Thus, the cable armor comprising aluminum alloy of the invention in the various embodiments described above offers attributes similar to steel, as well as several new advantages as follows. The invention provides substantial weight reduction by approximately one-half to two-thirds that of steel. For example, 25 mm (1.0-in.) width slit pad, 2300 m (2500 yards), of coated steel at 0.15 mm (0.006-in.) weighs approximately 75 kg (165 pounds) compared to an alternative 0.15 mm (0.006-in.) new coated aluminum 5182 alloy pad weighing 30 kg (65 pounds). This lighter weight will allow easy handling by operators and loading of pads on the cable line. The armor material, and cables utilizing it, will indeed be easier to handle by all parties involved from the manufacturer to the field technicians who install the cable. In this regard, the invention further provides freight and yield savings in that, for example, a single truckload of cable may be shipped instead of two or three trucks for the same application.

The cable armor of the invention provides improved corrosion resistance, particularly when the outer protective shield is torn or scratched, exposing the armor material to water, humidity, or other corrosive elements. The cable armor of the invention is environmentally friendly in that it can be recycled, can be manufactured using recycled material, and the scrap produced in the manufacturing process can be recycled for other applications. The raw materials for producing the cable armor of the invention are in abundant supply in the U.S. and other locations around the world, and are typically less expensive than steel per dimensional volume. The cable armor of the invention further provides the mechanical and electrical properties required for use in buried cables, as set forth in detail above.

While the invention has been particularly shown and described with reference to a preferred embodiment thereof, it will be understood by those skilled in the art that various changes in form and details may be made therein without departing from the spirit and scope of the invention.

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Referenced by
Citing PatentFiling datePublication dateApplicantTitle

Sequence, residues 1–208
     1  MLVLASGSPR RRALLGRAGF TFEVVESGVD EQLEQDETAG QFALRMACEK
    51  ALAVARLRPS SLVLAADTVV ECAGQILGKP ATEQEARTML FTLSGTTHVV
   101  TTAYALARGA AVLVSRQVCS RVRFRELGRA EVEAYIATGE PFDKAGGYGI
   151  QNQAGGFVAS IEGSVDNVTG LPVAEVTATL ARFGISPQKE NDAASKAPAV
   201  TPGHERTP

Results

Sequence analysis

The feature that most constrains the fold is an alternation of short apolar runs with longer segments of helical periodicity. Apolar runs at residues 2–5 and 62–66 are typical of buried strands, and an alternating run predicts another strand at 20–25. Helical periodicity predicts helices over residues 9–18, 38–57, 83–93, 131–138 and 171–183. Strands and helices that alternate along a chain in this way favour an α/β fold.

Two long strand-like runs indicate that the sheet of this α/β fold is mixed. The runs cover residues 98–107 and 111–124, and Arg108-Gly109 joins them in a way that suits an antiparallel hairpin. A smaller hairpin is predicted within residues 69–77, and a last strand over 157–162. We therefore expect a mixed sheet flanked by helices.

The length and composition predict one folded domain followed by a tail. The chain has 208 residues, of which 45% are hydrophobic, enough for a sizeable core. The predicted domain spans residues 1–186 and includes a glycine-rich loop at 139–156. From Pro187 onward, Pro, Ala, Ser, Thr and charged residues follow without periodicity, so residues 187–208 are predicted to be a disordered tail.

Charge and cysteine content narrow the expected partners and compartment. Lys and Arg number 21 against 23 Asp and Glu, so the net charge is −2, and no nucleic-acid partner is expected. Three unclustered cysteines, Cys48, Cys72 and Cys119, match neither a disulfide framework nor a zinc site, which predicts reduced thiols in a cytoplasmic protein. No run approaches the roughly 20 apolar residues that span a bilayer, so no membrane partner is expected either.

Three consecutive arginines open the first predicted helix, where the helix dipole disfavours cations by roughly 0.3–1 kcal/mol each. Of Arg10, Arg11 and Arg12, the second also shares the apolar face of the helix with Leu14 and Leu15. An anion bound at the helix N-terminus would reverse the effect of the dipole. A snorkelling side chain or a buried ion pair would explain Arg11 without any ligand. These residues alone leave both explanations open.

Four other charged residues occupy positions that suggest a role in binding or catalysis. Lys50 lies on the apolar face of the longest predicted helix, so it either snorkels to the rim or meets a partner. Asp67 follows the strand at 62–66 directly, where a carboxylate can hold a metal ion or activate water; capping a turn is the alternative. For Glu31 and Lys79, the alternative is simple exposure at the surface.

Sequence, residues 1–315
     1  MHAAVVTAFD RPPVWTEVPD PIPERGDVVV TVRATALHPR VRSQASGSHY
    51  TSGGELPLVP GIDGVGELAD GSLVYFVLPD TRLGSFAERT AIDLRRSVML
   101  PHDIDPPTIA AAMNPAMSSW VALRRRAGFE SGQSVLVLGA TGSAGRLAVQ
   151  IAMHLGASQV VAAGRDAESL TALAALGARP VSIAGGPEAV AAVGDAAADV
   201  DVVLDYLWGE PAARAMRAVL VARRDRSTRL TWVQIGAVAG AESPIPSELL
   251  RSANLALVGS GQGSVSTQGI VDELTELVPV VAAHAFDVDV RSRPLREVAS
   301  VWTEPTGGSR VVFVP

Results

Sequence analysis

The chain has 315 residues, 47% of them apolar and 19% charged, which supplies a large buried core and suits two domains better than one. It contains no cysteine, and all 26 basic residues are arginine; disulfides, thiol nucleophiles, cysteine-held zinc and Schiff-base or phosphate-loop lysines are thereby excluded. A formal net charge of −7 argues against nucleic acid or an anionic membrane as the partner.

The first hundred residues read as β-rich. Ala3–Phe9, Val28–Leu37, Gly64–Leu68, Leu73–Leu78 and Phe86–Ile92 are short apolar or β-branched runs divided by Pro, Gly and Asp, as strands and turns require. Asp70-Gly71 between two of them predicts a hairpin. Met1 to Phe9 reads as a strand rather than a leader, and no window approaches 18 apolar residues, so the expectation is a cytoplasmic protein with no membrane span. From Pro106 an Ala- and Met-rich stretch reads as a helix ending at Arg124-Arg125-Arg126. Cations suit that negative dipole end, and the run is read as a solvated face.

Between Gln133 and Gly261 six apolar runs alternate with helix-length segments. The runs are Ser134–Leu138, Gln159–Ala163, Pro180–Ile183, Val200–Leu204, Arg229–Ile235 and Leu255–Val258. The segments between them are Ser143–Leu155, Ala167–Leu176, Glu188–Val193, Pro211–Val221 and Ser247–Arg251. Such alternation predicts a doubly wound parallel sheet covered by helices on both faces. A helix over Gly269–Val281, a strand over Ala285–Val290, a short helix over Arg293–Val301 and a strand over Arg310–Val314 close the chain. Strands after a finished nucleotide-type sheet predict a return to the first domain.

US8758530Sep 3, 2010Jun 24, 2014Alcoa Inc.Methods of aging aluminum alloys to achieve improved ballistics performance
Classifications
U.S. Classification385/107
International ClassificationG02B6/44
Cooperative ClassificationH01B1/023, G02B6/4429
European ClassificationH01B1/02B, G02B6/44C7
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Free format text: ASSIGNMENT OF ASSIGNORS INTEREST;ASSIGNOR:REYNOLDS PACKAGING LLC;REEL/FRAME:027611/0966
Sep 24, 2010ASAssignment
Free format text: SECURITY AGREEMENT;ASSIGNORS:REYNOLDS PACKAGING LLC;REYNOLDS FOOD PACKAGING LLC;ULTRA PAC, INC.;REEL/FRAME:025026/0850
Effective date: 20100901
Owner name: THE BANK OF NEW YORK MELLON, AS COLLATERAL AGENT,
Nov 19, 2009ASAssignment
Owner name: REYNOLDS PACKAGING LLC, VIRGINIA
Free format text: TERMINATION AND RELEASE OF SECURITY INTEREST;ASSIGNOR:CREDIT SUISSE, SYDNEY BRANCH;REEL/FRAME:023546/0292
Effective date: 20091105
Jan 15, 2009ASAssignment
Owner name: REYNOLDS PACKAGING LLC, VIRGINIA
Free format text: CHANGE OF NAME;ASSIGNOR:ALCOA PACKAGING LLC;REEL/FRAME:022115/0830
Effective date: 20080229
Apr 9, 2008ASAssignment
Owner name: CREDIT SUISSE, SYDNEY BRANCH, AUSTRALIA
Free format text: NOTICE AND CONFIRMATION OF GRANT OF SECURITY INTERE;ASSIGNOR:REYNOLDS PACKAGING LLC (F/K/A ALCOA PACKAGING LLC);REEL/FRAME:020773/0504
Effective date: 20080229
Aug 3, 2006ASAssignment
Owner name: ALCOA PACKAGING LLC, VIRGINIA
Free format text: ASSIGNMENT OF ASSIGNORS INTEREST;ASSIGNORS:CRAIG, CHERYL L.;HOLLINSHEAD, PHILLIP A.;PERELMAN, ALEXANDER D.;AND OTHERS;REEL/FRAME:018049/0594;SIGNING DATES FROM 20060725 TO 20060726